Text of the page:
As the snow starts to melt and the sun shines over the Pacific Coastline, we are all gearing up for what amazing adventures this summer in Whistler has to offer. This isn’t only an exciting time for us but also for many of the local wildlife, whether they’re waking up from their winter slumbers or passing through on their migration path.

The Rufous Hummingbird is a welcomed visitor to Whistler that signifies the start of spring.
This small, eye-catching bird graces us with their presence every year as they tackle a 4,000-mile migration. They live in Mexico through the winter months and then travel all the way up to Alaska in the summer for breeding, taking advantage of the seasonally available flowers along the way.

In Whistler, the glorious brightly-coloured males are the first to arrive between late March and early April. This gives them the perfect opportunity to establish their breeding grounds before the females show up.

A plump, Rufous Hummingbird sits on a branch in the rain.
The Rufous Hummingbird flies north from Mexico. PHOTO GEORGE CARR

Three different hummingbird species have been known to live within the Sea to Sky region; the Rufous is the most common. If you are lucky, you might glimpse an Anna’s Hummingbird or the Calliope Hummingbird; more elusive visitors to the area.

Hummingbird Fun Facts

  1. They may be small but they are feisty! These birds are extremely territorial of their
    favourite plants. They have been known to defend their territory no matter the foe,
    scaring off much larger animals such as squirrels and chipmunks.
  2. A hummingbird never forgets. They have an incredible memory allowing them to
    remember the location of their favourite flowers along their migration path allowing
    them to visit year on year.
  3. Bright colours are their favourite. Colours such as red, orange and pink are very
    distinguishable to hummingbirds due to their near ultraviolet eyesight. They
    associate the colour red with high calorific reward nectar.
  4. Hummingbirds are the only birds that can fly backwards. Their wing
    structure allows them to sweep them in a figure-eight pattern giving them the
    choice to fly forward, backward or even hover on the spot.
  5. They are fast! Having the ability to fly backwards also allows them to flap their wings
    around 80 times per second on average, but during courtship this can be up to 200
    beats per second!
A green Rufous Hummingbird caught mid wing-beat.
The Hummingbird is the only bird that can fly backwards. PHOTO GEORGE CARR

Hummingbirds and First Nations Culture

The vibrant hummingbird holds cultural and significant importance to the Squamish and Lil’wat First Nations as a feminine totem representing joy and peace. Depicted in many stories and artworks, the hummingbird is known to be a messenger of joy. If seen before an event they are a sign of good luck, guiding individuals on their journey ahead.

To learn more about Indigenous culture in Whistler, visit the Squamish Lil’wat Cultural Centre.

Where to find a Rufous Hummingbird in Whistler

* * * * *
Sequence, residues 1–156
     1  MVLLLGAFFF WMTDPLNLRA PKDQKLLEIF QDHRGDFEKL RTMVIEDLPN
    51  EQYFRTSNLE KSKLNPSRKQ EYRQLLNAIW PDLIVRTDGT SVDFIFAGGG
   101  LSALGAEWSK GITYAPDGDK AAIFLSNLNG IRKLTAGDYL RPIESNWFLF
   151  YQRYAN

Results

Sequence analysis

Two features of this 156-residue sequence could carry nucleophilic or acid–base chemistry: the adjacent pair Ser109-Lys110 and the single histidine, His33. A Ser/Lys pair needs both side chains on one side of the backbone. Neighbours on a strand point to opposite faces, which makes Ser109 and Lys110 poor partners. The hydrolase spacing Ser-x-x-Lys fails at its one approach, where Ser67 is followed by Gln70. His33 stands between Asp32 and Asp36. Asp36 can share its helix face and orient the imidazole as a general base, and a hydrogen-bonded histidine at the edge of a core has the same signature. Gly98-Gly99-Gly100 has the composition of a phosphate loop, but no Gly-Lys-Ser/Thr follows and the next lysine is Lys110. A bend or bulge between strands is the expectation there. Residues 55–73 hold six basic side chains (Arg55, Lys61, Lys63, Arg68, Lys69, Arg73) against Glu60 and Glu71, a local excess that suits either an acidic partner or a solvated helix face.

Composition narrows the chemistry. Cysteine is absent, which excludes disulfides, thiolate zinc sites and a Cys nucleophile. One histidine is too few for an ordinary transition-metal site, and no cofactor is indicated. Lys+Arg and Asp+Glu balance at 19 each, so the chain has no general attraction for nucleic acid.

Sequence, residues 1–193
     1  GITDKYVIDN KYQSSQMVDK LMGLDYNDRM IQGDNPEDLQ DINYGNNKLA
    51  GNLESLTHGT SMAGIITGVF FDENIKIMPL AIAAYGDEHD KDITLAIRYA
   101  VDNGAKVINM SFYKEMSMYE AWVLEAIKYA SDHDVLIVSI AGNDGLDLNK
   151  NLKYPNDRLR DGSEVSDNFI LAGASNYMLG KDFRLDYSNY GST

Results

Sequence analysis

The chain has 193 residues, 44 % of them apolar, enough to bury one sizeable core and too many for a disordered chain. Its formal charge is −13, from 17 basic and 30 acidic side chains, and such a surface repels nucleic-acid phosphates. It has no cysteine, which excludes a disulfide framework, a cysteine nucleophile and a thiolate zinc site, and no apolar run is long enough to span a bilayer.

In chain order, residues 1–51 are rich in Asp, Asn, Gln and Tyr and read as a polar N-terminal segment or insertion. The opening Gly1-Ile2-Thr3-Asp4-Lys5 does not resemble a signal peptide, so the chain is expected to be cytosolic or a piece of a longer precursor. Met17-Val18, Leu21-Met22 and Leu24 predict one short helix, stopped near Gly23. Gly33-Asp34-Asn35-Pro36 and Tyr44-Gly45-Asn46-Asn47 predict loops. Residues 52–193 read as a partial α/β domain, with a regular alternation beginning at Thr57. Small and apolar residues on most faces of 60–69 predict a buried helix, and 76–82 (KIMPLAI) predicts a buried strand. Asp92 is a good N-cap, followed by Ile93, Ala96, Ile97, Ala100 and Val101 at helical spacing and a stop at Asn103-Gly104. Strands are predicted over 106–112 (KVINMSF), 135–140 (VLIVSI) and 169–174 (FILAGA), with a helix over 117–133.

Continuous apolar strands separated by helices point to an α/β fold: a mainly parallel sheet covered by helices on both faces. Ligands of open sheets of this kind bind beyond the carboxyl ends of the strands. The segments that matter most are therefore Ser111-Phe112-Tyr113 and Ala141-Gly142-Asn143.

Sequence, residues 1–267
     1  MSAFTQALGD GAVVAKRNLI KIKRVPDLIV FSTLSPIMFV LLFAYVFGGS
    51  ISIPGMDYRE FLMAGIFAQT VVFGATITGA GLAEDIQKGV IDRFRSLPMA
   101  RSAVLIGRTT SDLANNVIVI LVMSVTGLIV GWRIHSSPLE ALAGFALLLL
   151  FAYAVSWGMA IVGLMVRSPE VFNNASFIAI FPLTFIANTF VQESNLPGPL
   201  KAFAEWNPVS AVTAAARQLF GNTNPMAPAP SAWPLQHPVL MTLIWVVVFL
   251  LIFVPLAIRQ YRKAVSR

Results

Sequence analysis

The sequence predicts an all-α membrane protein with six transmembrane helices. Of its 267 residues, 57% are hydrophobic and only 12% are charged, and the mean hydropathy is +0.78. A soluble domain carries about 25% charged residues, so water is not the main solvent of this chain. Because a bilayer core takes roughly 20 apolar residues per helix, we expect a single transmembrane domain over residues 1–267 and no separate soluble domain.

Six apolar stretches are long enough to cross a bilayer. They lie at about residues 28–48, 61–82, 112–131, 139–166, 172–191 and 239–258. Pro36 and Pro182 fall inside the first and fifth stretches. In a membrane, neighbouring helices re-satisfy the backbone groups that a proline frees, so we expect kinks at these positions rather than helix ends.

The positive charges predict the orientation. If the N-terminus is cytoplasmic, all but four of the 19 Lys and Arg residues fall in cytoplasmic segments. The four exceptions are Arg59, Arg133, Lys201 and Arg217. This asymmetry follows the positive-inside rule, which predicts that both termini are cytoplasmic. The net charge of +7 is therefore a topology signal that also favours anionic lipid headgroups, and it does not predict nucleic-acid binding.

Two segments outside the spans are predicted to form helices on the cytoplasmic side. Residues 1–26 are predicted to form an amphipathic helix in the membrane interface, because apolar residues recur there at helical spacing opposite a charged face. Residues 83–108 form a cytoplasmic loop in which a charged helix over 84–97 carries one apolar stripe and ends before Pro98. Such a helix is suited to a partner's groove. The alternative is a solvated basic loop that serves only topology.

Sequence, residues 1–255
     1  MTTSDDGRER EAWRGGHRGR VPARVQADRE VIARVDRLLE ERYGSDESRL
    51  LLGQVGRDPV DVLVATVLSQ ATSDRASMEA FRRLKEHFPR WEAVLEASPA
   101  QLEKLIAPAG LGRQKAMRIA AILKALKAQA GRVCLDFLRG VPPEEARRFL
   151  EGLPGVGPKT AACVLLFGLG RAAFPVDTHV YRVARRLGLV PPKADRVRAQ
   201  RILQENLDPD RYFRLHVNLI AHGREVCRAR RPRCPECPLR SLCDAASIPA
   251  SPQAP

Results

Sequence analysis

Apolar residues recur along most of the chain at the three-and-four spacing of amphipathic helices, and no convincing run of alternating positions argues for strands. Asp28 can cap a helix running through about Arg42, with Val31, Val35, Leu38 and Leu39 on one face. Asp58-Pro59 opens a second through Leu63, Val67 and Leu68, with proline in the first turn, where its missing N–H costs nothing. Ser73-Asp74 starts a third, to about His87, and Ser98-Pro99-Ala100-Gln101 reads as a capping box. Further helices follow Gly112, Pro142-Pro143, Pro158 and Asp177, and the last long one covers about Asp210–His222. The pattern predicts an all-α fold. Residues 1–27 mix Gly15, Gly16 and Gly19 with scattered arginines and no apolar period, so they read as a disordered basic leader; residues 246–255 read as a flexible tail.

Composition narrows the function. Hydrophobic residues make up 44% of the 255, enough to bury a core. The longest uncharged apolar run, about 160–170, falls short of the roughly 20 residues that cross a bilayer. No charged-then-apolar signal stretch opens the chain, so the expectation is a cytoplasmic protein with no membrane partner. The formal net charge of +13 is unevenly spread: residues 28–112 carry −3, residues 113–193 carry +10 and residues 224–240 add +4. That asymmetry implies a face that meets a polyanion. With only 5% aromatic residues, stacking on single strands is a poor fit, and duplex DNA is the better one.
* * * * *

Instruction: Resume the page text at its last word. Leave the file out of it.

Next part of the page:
These beautiful birds are known to breed in second-growth and mature forests, which we
have an abundance of here in the Sea to Sky. During the spring they take advantage of
habitats near water sources; it’s in these locations where the first flowers will bloom.

Our coldest lake, fed by glacial streams, is the perfect habitat for many migratory birds
visiting the area and a known location to see the tiny Rufous Hummingbird. Green Lake is
located north of Whistler Village near Nicklaus North golf course, easily accessible by bus or
along the Valley Trail running throughout Whistler.

INSIDER TIP: Green Lake is featured in the Natural Wonders tour on the free, Go Whistler Tours app. Download it while you’re here for a set of curated, self-guided tours which help you dig deeper into Whistler.
A burnt orange Rufous Hummingbird sits on a leafy branch.
Head out with Whistler Naturalists on a bird walk for a chance to meet these feisty fellows. PHOTO GEORGE CARR

Listen out for their distinctive buzzing as they fly from flower to flower, this buzz will also be
accompanied by “chip” sounds.

Later in the fall, before their migration back to Mexico, you will find them in Whistler’s glorious alpine meadows, taking advantage of the blooming wildflowers found in these higher elevations. For you to reach these heights, grab a Summer Alpine Experience Ticket and choose a summer hiking option like the Harmony Meadows Trail on Whistler Mountain.


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If you’ve enjoyed learning about one of Whistler’s seasonal visitors, consider joining the Whistler Naturalists‘ monthly bird walk. They run two walks every month, on the 1st Saturday of each month at Alta Lake and the 3rd Saturday at Green Lake.

Look out for the next installment of the Whistler Wildlife Series, when I cover the Hoary Marmot. If you liked this post on birds you might also like Birds of Whistler.

Book your summer stay between May 1 and October 31, 2024, and save up to 20% on lodging and 15% on activities. Secure your mountain getaway with for personalized service and the local knowledge of our Whistler-based team. If this post has you dreaming about Whistler, enter our Feel It All in Whistler summer contest to win a trip for two!


Originally from the North West of England, Sarah came to Whistler to learn how to ski and experience the incredible flora and fauna British Columbia has to offer. In her free time she is often spotted exploring different hiking trails while searching for local wildlife, or down by the lake stuck into a good book.